These days an increasing number of job interviews are happening virtually. For candidates and clients alike, new technology is producing new methods of finding the right person and landing the dream job.
But where did it all start? How did your ancestors get hired, long before Skype and Zoom were doing the heavy lifting?
This week, we take a brief and fascinating peek into history to trace the origins of the humble job interview…
Before There Were Job Interviews, There Were Apprenticeships
In ancient history, job interviews were not required. People trained for their new jobs in apprenticeships and these were generally a family affair. Job selection often depended upon DNA.
In England, during the Middle Ages, wealthy families would send their children away to live and serve under their apprentices. These were known as indenture arrangements and it was very much a ‘master-and-servant’ relationship.
Personality Tests – The Precursor To Job Interviews
Fast forward to the Industrial Revolution and the creation of numerous low-skilled jobs meant those who weren’t apprentices and were unemployed had a greater shot at landing a job.
This created a headache for employers – with so many new posts needing to be filled and so many candidates putting themselves forward, how could they make sure they chose the best person for the role?
Personality tests held the answer, but not in the psychometric form they were developed for.
Whilst personality theories and models go as far back as Hippocrates, the first documented personality test was developed in 1919 by the psychologist Robert Woodworth.
The test comprised of 116 ‘yes or no’ questions and its original aim was to determine a scale of emotional instability, to measure a soldier’s risk of developing shellshock. Implemented too late to be used during the First World War, the test was still used widely in psychology.
Modern personality tests, although not commonly used by employers today, are a fun and useful way for candidates to match their traits and strengths to appropriate job roles.
Thomas Edison – Lightbulbs, Interviews and Chilean Exports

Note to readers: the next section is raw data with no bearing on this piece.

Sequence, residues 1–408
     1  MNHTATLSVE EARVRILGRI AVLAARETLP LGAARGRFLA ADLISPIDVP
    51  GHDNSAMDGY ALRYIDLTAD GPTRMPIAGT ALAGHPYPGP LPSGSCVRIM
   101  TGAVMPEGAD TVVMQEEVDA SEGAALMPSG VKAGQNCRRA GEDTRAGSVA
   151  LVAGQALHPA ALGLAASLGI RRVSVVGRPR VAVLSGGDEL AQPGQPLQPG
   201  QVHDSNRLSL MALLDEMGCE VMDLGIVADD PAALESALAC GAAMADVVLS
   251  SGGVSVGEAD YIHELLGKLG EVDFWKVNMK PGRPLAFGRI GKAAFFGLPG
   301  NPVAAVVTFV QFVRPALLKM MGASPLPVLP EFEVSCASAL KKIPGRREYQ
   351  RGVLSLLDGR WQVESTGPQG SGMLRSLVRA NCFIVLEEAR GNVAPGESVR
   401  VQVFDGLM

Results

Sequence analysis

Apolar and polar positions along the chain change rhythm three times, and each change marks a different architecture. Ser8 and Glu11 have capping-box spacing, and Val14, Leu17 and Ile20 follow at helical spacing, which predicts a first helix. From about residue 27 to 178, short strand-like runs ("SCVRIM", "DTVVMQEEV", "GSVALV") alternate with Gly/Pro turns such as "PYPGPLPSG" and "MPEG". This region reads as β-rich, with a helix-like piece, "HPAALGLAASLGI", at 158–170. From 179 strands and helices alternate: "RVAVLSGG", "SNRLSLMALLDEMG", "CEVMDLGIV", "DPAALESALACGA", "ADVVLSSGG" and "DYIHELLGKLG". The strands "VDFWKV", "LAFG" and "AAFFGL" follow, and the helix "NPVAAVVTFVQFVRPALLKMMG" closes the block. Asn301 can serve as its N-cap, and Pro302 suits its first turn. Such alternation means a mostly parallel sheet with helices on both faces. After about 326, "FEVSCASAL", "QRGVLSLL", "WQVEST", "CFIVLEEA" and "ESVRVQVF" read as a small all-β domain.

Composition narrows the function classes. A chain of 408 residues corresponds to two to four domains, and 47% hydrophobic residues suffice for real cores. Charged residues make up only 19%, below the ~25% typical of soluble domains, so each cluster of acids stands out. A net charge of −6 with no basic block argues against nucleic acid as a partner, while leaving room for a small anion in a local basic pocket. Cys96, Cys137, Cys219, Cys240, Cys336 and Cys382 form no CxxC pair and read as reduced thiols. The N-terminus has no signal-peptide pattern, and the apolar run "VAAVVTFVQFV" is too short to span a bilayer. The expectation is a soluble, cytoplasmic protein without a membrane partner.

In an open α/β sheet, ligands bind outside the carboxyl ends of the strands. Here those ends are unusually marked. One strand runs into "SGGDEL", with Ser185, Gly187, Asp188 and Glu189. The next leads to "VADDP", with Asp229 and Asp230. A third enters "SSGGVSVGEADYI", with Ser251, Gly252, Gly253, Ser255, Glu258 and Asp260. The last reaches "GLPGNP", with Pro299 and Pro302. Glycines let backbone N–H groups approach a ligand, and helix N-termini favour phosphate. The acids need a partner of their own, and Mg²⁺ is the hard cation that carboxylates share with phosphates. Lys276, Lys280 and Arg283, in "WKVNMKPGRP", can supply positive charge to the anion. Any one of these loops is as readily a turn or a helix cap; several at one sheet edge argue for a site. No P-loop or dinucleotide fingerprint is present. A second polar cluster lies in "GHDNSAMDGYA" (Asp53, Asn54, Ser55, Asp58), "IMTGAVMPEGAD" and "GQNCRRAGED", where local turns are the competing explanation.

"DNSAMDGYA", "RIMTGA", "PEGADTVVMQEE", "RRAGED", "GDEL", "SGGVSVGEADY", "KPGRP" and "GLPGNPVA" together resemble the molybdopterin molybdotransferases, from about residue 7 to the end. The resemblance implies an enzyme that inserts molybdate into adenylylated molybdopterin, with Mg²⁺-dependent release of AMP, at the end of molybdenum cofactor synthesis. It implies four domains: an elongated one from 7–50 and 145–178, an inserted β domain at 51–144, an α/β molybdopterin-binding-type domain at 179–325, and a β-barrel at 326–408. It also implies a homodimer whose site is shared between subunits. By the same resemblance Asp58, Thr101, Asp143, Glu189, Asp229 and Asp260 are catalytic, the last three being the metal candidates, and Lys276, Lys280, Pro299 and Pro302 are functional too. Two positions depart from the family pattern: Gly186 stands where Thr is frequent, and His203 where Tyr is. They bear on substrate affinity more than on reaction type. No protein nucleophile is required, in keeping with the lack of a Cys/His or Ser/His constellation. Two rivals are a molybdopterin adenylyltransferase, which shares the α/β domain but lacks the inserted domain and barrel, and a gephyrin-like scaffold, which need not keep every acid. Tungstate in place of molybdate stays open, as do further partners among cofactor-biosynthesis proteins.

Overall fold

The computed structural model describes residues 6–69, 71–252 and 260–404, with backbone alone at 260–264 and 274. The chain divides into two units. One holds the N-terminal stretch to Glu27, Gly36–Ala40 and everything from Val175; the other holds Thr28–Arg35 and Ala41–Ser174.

Woodworth’s psychometric test went out of fashion in the psychology field in the 1930’s, but in 1921 it did inspire the first incarnation of the job interview as we know it.
Thomas Edison, the man who invented the lightbulb, devised a series of questions aimed at evaluating job candidates’ personalities – some of the questions he asked would seem bizarre today:
‘What material did Chile export to the Allies during the war?’
The answer is at the bottom of this post! 😊
As odd as some of his questions were, he sought to discover if college graduates applying to him for internships would have enough knowledge to carry out the job to his satisfaction. He placed value on their skills and knowledge beyond their education diplomas.
The Purpose Behind Job Interviews Is More Relevant Than Ever
The technology may have changed – as well as the sophistication of the questions – but as we face uncertain economic times in our industry post-Covid-19, the job interview process almost 100 years after Edison still exists for the same purpose: placing the right person in the right job role so your business can perform to its peak potential.
The answer to that Chilean export question?
Sodium nitrate, obviously (the key ingredient in the gunpowder manufacturing process during the First World War, but of course you knew that!).
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A short history of apprenticeships in England: from medieval craft guilds to the twenty-first century